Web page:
Farm owners, operators and managers are responsible for knowing and applying best management practices and laws to ensure the health and safety of everyone who lives on, visits or works on their farms. Read that sentence again. It means you are responsible for the safety of everyone who lives, works or visits your farm or ranch. Everyone. Whoa! That s a mighty big chunk to chew. That s why the Canadian Agricultural Safety Association came up with the Canada FarmSafe Plan. You can download a free copy of the basic core plan at www.planfarmsafety.ca.
The Canada FarmSafe Plan is straightforward and logical. It provides recommendations on best management practices that will help you protect the health and safety of everyone on your farm. Think of the plan as another business risk management tool. The plan s best practices recommendations provide you with guidance on developing an effective health and safety program for your farming operation.
Follow the plan, and you ll be able to develop a program to meet or exceed the legislated health and safety requirements in your province. If you are in doubt, consult your provincial regulator to verify local requirements. Remember, there is nothing wrong with voluntarily exceeding health and safety standards.
The Canada FarmSafe Plan highlights four areas of health and safety business risks for you as farm owner/operator: prosecution; economic loss; commodity loss; and, human resource loss.
Should a work-related injury or illness occur on your farm, you potentially could face legal action at three levels:
In most provinces, occupational health and safety laws are based on a reverse onus principle that assumes you are responsible for the occurrence of an incident, unless you can prove you took preventive measures and actions, yet circumstances beyond your control resulted in the incident occurring.
An injured party can take legal civil action against you if they believe you were negligent in providing a safe work environment or failed to fulfil your responsibilities in exercising due diligence in taking reasonable care to protect the people on your farm (if you are not covered by workers compensation).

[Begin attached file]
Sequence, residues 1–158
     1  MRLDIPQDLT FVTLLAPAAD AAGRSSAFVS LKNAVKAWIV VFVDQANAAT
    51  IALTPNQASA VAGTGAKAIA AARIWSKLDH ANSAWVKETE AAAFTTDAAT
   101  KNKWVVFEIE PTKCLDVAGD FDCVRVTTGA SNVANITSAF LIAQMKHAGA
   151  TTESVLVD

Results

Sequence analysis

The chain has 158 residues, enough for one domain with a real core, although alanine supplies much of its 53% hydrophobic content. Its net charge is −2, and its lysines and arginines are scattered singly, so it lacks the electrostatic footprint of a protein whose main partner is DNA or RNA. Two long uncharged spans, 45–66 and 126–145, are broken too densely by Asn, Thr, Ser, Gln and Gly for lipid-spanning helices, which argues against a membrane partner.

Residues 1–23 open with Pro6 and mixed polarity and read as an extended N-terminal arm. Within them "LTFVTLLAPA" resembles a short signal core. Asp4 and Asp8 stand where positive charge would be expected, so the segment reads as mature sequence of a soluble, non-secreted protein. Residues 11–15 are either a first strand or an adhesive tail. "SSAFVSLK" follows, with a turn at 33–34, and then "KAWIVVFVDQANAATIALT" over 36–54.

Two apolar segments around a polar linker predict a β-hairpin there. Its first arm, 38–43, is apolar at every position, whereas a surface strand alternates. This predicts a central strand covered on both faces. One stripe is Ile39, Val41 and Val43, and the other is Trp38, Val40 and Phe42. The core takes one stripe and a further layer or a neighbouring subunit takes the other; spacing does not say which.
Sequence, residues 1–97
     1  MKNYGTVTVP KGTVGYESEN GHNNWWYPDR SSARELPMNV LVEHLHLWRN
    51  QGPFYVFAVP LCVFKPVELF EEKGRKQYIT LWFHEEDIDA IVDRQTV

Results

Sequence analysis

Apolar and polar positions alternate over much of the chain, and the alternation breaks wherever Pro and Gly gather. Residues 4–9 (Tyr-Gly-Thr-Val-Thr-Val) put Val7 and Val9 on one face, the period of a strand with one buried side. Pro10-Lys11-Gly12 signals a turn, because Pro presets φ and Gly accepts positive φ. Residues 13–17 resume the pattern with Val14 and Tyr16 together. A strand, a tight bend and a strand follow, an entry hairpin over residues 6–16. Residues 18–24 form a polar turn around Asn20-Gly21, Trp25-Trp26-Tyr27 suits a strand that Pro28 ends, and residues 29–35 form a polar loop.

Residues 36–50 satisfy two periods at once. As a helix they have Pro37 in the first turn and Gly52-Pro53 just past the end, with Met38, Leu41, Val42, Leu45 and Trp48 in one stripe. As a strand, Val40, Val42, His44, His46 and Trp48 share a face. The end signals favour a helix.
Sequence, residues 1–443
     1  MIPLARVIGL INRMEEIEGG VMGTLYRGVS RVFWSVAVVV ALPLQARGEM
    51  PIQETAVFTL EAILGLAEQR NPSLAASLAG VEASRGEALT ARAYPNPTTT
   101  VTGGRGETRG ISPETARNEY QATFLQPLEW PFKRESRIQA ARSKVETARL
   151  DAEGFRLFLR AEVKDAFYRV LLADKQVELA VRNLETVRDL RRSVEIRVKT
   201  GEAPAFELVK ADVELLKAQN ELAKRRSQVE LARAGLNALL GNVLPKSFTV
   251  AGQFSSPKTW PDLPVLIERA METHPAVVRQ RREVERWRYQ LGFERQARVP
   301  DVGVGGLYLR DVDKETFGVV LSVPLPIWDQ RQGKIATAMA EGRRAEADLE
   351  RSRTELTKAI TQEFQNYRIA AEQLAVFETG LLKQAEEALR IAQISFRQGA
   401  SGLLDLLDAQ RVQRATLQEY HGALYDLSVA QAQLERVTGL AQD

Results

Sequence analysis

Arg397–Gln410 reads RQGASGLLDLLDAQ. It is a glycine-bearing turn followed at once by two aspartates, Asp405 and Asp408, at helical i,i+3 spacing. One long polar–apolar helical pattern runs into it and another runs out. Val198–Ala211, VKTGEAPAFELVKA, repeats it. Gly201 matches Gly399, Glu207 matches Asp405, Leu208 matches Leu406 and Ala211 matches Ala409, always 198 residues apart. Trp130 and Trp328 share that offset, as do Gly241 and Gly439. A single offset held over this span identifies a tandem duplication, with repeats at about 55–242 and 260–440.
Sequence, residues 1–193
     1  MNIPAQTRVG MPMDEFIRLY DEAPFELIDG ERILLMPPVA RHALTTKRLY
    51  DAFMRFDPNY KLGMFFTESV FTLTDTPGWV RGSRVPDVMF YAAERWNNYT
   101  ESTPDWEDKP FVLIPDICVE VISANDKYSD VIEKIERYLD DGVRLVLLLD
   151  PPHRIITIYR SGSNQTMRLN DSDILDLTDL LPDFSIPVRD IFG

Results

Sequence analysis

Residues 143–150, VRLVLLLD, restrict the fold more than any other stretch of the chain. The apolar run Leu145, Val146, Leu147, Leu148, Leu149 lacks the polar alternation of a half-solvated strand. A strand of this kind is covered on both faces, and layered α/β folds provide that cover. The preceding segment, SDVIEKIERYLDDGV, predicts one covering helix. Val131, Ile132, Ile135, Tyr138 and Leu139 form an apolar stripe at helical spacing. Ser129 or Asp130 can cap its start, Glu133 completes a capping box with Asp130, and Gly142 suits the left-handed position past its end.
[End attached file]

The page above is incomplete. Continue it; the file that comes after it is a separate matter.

In 2004, an amendment was made to the Criminal Code of Canada setting new legal duties for workplace health and safety and imposing penalties for violations that result in injuries or death. These new rules can attribute criminal liability to organizations, including corporations, their representatives and those who direct the work of others.
The Canadian Agricultural Injury Reporting program (CAIR) conducted an analysis of the average costs of incidents to a farm s economy. They determined the following average costs in the mid-2000s:
” Workplace fatality $275,000
” Permanent disability $143,000
” Hospitalization $ 10,000
” Non-hospitalized injury $700
The production of agricultural commodities requires continual monitoring and management. For instance, should you or one of your workers suddenly be unavailable to work, determine the impact on your farm s production cycle.
HUMAN RESOURCE LOSS
There is a limited pool of available farm workers in most regions. The sudden loss of a worker, as a result of a workplace injury or illness, has a significant impact on the worker, the operation of the farm and also on the social well-being of the people living and working on the farm.
In Canada, occupational health and safety legislation places the primary responsibility for health and safety on employers and employees in the workplace. If they are unable or unwilling to manage their own health and safety, then a regulatory agency will compel them to do so.
Remember that even if there is no provincial legislation requiring you to follow specific health and safety standards on your farm, you may, in addition to the moral obligation you hold, face civil or criminal charges if it is believed that you will fully ignored the safety and/or health of your workers or persons on your farm.